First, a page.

The series I got sucked into was the remainder of the Starry Hollow Witches series by Annabel Chase. If you've been following me a while, this also happened with Chase's Spellbound series. I didn't do any reviews on these because the books are about 200 pages each, and I'd finish one and instantly start the next book at 1 am. This would also explain why I've been a complete zombie for October.  This series is good if you need a quick read or love a good paranormal cozy mystery. The main character is a sassy single mom from Jersey. She's, of course, caught in a love triangle with a Vamp and a Werewolf. There's a lot of literary references, including Harry Potter. If you read Spellbound, Emma and Daniel even make a cameo in one of the later Starry Hollow books. Annabel Chase's series is my latest guilty pleasure. I'm trying to stay away from the rest of them so I can actually accomplish the things.

Currently, now that I'm done binge-reading this series, I'm working on Broken Glass by Alexander Hartung. This should fulfill my Detective Novel selection. I'll likely have a review once I'm done for this too. I don't like not doing the reviews for books I read, but it's hard when I burn through series like I did with Starry Hollow.

So with the binge reading, I'm mostly caught up on the Goodreads Challenge. I'm at 31/50 books. I'm going to cut it close, but I might be able to hit my goal this year. Here's the update for the actual reading challenge. Stay tuned, it's about that time of the year where Tress and I start planning next years. I imagine that we'll keep the same format, but update/recycle some of the categories. We've had excellent feedback regarding the setup. If you're participating in the challenge, drop a comment about how you're doing, or what you'd like to see. I can't guarantee that suggestions will make it in, but I'm sure I'll look at them at least. If you're wondering what I'm talking about, check out the full challenge post here.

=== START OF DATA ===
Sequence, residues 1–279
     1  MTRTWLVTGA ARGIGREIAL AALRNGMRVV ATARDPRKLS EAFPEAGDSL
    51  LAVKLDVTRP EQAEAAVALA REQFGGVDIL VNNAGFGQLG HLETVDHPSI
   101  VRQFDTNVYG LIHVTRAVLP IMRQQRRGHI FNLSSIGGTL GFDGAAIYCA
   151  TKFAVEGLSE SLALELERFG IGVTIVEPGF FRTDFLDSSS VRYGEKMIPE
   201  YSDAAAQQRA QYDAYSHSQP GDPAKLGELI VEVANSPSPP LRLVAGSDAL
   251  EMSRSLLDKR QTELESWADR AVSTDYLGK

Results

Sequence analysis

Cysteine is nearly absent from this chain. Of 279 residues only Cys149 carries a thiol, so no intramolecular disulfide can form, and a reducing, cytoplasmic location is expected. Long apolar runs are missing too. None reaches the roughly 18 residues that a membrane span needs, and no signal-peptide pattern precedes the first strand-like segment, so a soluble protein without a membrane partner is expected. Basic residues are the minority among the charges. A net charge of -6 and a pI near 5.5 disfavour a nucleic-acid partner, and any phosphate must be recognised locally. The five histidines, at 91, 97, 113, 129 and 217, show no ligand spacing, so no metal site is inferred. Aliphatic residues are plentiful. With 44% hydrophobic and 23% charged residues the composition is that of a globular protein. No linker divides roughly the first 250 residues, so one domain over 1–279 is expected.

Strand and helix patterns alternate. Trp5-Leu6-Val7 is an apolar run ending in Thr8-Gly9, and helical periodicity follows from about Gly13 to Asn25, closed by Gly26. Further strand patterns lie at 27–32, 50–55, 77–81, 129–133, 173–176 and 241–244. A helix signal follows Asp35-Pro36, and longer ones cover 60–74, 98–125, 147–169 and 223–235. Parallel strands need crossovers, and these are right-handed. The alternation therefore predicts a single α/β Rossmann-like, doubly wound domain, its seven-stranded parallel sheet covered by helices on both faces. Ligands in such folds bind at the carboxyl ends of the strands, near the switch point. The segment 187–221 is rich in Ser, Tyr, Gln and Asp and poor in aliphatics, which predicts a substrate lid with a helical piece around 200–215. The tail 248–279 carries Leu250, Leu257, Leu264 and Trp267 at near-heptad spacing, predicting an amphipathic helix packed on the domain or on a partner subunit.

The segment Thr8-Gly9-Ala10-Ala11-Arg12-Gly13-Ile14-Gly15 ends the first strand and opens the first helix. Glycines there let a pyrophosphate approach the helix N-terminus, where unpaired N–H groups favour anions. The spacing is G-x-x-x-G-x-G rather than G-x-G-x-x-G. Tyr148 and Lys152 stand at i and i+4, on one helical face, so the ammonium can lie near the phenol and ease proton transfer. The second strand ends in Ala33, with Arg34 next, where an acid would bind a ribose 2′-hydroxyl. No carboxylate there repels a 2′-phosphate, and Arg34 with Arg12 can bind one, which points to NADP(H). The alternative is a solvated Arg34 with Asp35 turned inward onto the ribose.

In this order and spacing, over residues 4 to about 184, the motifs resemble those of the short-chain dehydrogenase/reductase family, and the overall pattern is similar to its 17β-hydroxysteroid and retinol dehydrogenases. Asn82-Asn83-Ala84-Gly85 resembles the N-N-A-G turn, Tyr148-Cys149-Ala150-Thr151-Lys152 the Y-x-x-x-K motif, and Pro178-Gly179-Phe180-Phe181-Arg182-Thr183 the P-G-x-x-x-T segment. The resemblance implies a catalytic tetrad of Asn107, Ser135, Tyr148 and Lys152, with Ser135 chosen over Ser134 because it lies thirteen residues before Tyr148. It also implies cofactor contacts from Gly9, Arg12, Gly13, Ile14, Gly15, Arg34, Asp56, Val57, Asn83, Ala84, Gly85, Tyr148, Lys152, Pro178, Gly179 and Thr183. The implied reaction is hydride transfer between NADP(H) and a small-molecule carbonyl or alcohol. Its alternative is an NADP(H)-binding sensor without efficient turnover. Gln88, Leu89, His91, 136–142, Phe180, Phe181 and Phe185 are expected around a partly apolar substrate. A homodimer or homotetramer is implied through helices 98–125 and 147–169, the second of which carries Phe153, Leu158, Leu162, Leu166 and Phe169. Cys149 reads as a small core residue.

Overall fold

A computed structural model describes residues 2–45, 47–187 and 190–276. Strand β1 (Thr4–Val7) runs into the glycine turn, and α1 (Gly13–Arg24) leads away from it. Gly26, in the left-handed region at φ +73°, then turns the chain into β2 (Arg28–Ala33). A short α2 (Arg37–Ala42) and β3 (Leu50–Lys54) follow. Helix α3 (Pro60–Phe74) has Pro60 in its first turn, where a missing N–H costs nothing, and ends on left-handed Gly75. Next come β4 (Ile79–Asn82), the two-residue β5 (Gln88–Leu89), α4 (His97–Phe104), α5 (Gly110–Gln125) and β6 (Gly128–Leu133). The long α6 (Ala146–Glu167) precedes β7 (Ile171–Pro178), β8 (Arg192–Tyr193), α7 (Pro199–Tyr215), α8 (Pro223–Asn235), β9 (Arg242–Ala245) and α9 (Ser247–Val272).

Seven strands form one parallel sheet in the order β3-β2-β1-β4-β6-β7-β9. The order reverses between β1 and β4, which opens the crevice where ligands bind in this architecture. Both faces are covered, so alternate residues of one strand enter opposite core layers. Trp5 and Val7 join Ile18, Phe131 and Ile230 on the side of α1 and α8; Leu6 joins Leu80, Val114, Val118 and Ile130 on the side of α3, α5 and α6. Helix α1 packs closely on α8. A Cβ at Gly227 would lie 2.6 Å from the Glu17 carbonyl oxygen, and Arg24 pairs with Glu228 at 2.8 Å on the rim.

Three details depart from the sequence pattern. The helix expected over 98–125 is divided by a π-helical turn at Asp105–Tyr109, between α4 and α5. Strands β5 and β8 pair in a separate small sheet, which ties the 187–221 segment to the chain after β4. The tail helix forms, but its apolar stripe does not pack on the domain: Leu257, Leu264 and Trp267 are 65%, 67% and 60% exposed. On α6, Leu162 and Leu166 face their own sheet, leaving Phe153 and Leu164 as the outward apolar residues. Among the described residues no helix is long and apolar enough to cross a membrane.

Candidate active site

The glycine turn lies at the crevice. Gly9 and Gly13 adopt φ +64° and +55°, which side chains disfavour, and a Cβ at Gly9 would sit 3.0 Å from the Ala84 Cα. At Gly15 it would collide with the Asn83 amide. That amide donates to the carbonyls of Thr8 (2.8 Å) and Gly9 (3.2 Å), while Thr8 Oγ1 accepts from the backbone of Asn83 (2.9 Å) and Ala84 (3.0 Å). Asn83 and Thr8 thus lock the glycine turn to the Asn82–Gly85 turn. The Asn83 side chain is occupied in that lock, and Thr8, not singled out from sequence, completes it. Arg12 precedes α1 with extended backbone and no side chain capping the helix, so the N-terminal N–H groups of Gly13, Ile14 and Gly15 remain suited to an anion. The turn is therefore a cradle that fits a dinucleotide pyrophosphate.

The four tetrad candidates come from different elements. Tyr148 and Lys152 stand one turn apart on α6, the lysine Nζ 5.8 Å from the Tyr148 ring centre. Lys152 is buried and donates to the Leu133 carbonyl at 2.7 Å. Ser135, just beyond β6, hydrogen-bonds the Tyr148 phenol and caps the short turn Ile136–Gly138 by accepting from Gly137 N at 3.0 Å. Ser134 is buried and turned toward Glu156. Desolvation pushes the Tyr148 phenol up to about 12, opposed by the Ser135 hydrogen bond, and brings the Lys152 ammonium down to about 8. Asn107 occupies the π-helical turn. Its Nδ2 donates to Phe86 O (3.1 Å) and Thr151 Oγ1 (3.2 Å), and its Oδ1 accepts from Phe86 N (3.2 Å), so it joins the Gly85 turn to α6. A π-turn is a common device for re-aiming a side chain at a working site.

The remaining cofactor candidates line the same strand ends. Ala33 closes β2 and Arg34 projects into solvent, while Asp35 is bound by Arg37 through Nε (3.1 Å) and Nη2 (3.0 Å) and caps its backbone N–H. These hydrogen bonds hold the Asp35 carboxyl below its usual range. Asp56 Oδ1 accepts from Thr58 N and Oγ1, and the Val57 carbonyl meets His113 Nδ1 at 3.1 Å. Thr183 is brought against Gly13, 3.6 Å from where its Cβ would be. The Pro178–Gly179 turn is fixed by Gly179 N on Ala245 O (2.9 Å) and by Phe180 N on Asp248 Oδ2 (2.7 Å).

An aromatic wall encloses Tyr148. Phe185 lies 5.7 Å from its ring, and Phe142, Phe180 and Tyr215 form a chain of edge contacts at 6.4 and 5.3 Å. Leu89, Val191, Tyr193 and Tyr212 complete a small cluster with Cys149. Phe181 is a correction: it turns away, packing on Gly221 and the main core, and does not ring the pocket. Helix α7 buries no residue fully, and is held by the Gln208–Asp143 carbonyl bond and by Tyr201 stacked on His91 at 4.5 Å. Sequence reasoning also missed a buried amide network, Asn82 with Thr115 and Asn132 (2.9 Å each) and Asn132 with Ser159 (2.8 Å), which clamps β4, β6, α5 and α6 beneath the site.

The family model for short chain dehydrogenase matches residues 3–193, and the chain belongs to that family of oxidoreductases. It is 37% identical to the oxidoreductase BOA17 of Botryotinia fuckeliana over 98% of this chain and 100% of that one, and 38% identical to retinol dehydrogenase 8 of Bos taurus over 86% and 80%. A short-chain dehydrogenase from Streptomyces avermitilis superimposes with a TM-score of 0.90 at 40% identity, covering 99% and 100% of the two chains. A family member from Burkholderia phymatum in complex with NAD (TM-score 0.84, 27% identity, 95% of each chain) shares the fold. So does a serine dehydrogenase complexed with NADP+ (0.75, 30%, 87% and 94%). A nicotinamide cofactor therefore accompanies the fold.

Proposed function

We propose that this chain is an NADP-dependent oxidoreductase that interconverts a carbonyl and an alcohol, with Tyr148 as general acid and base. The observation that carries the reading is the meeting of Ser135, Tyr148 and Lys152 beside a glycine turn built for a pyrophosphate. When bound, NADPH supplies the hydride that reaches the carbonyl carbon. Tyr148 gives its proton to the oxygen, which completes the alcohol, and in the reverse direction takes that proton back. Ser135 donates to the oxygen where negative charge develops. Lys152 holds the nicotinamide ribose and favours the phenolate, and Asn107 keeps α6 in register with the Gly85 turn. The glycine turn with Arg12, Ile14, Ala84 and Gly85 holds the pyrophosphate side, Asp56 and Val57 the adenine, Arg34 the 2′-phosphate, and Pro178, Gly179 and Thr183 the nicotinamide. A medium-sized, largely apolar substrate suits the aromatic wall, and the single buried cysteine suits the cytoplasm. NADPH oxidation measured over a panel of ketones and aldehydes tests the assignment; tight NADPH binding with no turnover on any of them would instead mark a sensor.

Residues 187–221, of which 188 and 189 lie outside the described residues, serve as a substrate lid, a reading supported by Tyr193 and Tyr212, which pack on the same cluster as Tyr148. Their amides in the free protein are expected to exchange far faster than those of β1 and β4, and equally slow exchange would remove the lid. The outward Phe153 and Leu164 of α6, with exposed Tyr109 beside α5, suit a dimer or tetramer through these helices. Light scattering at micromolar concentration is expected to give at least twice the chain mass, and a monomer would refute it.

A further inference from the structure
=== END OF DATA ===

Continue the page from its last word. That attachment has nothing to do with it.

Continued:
Level 1: Book of the Month Club
1. A book with a red cover – The Chalk Man by C.J. Tudor
2. Read a YA fiction novel –Paperglass by A.R. Ivanovich
3. A book under 300 pages – The River Witch by Helena Rookwood
4. A book you got for free – The Hagstone by Helena Rookwood
5. Reread the first book of a series you love –Miss Peregrine's Home for Peculiar Children by Ransom Riggs (Links to the original review, no review for the reread)
6. Read a book that takes place during the summer – Summer Knight by Jim Butcher
7. A book whose title starts with the letter M – Magic Bitter, Magic Sweet by Charlie N. Holmberg
8. Read a romance novel – What the Wind Knows by Amy Harmon
9. A book that has been turned into a TV show or movie – Voyager by Diana Gabaldon
10. A book with a title done in alliteration (e.g. Pride and Prejudice) – Magic & Murder by Annabel Chase
11. A New York Times bestseller (past or present) – A Discovery of Witches by Deborah Harkness
12. Free space – pick any book!- Catch and Kill by J.D. Lassica
Level 2: Casual Reader Club
13. A book by John Grisham
14. Read a fantasy novel- Secondborn by Amy A. Bartol (no review)
15. A book with a color in the title
16. Reread a book you have recommended to someone else
17. Read a detective novel
18. A book with a number in the title- The Rule of One by Ashley and Leslie Saunders
19. Read a book about dragons
20. Read a book published by Penguin Random House- Hounded by Kevin Hearne